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National Security and International Development in the Obama White House

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January 17, 2012 12:45pm - 2:00pm

Room 190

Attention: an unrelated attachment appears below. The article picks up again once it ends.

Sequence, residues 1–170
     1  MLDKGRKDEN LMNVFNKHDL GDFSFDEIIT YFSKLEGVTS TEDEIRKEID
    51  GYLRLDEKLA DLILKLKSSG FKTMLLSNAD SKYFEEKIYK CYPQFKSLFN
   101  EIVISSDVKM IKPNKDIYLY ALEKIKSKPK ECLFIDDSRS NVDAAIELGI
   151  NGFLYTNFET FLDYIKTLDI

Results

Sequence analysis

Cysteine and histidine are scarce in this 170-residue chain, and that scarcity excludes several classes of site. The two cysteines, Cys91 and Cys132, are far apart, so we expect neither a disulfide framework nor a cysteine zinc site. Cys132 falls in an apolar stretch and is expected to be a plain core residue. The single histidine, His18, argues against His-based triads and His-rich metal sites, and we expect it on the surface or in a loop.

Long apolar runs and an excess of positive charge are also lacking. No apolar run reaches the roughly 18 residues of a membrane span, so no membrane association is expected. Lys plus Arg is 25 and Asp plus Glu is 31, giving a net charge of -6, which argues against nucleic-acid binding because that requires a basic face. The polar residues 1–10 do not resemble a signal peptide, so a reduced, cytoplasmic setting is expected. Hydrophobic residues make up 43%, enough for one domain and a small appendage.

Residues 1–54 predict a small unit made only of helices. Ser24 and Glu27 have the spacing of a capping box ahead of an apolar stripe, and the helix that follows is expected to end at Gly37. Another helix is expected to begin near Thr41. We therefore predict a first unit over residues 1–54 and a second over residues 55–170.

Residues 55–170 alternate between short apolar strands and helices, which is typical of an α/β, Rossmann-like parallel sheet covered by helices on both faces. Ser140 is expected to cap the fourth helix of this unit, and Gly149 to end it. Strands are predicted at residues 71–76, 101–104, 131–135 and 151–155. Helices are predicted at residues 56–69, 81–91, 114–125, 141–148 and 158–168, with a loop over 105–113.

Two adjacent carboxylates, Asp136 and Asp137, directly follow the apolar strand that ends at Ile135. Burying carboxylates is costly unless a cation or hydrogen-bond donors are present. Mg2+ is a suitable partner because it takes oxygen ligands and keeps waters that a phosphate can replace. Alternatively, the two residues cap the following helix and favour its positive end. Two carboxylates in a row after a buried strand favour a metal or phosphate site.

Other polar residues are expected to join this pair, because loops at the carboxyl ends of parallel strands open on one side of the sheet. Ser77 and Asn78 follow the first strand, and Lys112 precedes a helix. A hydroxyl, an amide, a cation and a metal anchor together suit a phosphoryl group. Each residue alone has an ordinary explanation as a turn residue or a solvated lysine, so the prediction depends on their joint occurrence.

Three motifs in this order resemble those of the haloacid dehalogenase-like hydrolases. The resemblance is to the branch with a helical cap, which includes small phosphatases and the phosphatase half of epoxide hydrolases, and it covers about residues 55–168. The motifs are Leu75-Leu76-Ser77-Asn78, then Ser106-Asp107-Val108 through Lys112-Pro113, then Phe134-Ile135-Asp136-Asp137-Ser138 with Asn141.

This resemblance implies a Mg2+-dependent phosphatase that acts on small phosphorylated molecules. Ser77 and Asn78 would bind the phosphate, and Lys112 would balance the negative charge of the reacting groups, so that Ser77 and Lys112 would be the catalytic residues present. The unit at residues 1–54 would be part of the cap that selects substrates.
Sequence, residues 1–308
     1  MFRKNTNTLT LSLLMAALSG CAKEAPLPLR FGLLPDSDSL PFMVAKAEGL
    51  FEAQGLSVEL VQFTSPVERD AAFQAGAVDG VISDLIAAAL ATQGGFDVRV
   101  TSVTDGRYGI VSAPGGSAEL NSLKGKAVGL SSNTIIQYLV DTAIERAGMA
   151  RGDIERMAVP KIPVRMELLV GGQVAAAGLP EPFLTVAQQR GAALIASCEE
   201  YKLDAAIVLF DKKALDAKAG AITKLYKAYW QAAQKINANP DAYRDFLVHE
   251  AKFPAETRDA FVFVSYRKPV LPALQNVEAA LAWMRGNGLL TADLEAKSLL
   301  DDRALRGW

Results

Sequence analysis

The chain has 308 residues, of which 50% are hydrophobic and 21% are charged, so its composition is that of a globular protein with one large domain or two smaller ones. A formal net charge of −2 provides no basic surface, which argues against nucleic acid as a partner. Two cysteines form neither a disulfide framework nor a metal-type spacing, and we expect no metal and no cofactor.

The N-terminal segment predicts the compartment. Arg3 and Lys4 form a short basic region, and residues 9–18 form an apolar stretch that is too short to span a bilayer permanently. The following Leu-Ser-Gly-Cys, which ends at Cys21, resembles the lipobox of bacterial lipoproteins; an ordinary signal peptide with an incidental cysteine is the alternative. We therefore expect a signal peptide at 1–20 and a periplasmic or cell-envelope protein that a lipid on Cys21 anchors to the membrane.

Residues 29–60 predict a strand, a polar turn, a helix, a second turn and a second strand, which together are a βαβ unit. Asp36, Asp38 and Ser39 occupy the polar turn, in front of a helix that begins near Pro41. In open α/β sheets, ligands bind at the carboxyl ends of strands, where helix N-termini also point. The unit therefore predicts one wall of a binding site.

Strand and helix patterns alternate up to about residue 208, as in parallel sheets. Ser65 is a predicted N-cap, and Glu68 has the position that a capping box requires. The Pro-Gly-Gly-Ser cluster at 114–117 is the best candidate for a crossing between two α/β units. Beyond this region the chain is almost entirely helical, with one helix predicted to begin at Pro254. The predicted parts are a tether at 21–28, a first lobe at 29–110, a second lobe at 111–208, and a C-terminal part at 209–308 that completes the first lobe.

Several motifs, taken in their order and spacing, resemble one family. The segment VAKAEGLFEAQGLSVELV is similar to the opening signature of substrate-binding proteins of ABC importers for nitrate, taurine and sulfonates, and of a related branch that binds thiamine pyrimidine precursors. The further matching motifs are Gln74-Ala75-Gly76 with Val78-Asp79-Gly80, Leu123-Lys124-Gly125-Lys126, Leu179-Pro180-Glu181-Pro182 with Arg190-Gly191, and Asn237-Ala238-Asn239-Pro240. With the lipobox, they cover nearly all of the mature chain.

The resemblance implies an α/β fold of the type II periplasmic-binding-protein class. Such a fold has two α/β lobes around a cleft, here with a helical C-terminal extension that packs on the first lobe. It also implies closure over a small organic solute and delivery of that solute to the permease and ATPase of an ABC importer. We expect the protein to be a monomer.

Jeremy M. Weinstein is Associate Professor of Political Science and Senior Fellow at the Freeman Spogli Institute for International Studies at Stanford University. He serves as director of the Center for African Studies, and is an affiliated faculty member at the Center for Democracy, Development, and the Rule of Law (CDDRL) and the Center for International Security and Cooperation (CISAC). He is also a non-resident fellow at the Center for Global Development in Washington, D.C. Weinstein recently returned to Stanford after serving as Director for Development and Democracy on the National Security Council staff at the White House between 2009 and 2011. In this capacity, he played a key role in the National Security Council’s work on global development, democracy and human rights, and anti-corruption, with a global portfolio. Among other issues, Weinstein was centrally involved in the development of President Obama’s Policy Directive on Global Development and associated efforts to reform and strengthen USAID, promote economic growth, and increase the effectiveness of U.S. foreign assistance across the board; led efforts at the White House to develop a robust international anti-corruption agenda, which included the creation of the G-20 Action Plan on Anti-Corruption, the design and launch of the Open Government Partnership, and the successful legislative passage and subsequent internationalization of a ground-breaking extractive industries disclosure requirement; and played a significant role in developing the Administration’s policy in response to the Arab Spring, including focused work on Egypt, Tunisia, Bahrain, Syria, Yemen, and others. Before joining the White House staff, Weinstein served as an advisor to the Obama campaign and, during the transition, served as a member of the National Security Policy Working Group and the Foreign Assistance Agency Review Team.